As part of our Joint Intake Policy, the San Diego Humane Society may work jointly with the Department of Animal Services. The pet may be admitted to either the San Diego Humane Society or the Department of Animal Services' central shelter, depending on available animal housing resources.
The San Diego Humane Society is one of eight county shelters that make up the San Diego Animal Welfare Coalition. The Coalition was formed to provide a safety net for the county's shelters; when one shelter does not feel they have the resources to care for a certain animal at that time, they can transfer the animal to another coalition shelter that may be better prepared to meet the animal's needs. Review our Joint Intake Policy for more information.
I relinquished an animal to the San Diego Humane Society yesterday. Why isn't it available for adoption yet?
Once an animal is relinquished to the San Diego Humane Society, it undergoes a thorough medical examination and behavior assessment. This process can take several days and includes spaying or neutering, vaccinating, micro-chipping, examination for and treatment of medical conditions, dental procedures, x-rays, blood tests, and even surgery when necessary.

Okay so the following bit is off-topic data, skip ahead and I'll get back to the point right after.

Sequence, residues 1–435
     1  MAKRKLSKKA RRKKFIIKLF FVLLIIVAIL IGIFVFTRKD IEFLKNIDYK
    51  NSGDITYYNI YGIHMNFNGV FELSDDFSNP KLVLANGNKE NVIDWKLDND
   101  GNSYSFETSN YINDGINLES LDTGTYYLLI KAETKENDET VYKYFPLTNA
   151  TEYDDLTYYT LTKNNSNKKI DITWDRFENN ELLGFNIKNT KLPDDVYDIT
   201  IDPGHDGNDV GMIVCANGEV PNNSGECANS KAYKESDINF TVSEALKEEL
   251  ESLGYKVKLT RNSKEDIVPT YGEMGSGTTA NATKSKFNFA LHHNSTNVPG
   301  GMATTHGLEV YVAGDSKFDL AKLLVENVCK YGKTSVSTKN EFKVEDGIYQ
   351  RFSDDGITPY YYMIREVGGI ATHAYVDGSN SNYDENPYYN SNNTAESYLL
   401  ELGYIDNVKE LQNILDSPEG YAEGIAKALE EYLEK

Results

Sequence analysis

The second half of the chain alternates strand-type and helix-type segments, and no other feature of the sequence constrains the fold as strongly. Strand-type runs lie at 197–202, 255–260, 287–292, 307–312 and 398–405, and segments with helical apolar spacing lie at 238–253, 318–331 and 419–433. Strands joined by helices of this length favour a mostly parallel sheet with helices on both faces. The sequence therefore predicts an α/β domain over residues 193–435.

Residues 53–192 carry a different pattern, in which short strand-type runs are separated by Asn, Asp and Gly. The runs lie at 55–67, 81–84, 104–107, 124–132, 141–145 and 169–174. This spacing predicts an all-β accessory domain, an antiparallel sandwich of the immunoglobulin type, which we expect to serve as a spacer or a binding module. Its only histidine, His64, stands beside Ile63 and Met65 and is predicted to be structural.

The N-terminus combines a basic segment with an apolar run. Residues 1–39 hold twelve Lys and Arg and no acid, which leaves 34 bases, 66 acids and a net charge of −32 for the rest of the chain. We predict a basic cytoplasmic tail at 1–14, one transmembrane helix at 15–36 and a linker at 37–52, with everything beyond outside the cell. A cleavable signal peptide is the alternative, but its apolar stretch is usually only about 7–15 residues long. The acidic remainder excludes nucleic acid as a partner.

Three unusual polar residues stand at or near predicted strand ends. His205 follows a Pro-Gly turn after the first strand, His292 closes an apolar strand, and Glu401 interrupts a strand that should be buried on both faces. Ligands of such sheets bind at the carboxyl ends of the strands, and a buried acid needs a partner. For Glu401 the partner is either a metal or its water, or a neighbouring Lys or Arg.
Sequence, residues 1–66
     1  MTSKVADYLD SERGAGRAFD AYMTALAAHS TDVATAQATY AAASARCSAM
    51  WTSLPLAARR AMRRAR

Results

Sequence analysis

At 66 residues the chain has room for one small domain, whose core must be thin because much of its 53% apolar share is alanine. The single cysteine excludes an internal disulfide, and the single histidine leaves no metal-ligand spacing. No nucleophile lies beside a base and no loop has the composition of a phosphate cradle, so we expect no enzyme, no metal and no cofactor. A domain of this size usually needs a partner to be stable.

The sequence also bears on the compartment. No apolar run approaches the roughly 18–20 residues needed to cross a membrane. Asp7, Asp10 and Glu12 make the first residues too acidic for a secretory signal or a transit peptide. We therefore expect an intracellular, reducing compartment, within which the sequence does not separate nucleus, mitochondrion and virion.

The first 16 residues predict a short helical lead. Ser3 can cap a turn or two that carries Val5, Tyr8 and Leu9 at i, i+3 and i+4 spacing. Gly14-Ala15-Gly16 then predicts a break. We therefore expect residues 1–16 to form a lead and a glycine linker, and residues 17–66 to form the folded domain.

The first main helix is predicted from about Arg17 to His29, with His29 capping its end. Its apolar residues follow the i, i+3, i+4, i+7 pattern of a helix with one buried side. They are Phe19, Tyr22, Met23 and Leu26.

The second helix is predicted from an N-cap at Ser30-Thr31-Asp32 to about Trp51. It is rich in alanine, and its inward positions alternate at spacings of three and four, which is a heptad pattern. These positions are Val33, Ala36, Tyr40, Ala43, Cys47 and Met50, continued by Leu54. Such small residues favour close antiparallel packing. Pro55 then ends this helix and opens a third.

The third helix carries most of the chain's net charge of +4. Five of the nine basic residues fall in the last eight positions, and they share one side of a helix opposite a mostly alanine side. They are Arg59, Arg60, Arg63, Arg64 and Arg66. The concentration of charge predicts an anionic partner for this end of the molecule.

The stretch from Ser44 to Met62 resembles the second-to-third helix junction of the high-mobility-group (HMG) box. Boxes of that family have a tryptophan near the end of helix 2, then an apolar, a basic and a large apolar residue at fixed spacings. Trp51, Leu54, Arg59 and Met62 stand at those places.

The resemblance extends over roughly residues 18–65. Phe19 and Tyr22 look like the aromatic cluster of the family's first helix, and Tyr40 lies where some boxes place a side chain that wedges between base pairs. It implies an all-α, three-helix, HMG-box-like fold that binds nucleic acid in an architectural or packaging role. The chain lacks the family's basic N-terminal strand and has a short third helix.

After an animal has recovered from treatment, it is evaluated for personality and to determine its ideal environment. Since a shelter environment can be a stressful experience for any animal, each one is allowed a few days to acclimate to its new environment before being behaviorally assessed. This ensures that our animal care staff is able to see the animal's true disposition.
Is there a waiting list for a particular breed?
There is no waiting list. The dogs we have available for adoption change daily. Check the Available Pets page to see what we currently have.
What is the adoption process?
Read all about it on our adoption process page.
What is the difference between a Humane Society and a Society for the Prevention of Cruelty to Animals (SPCA)?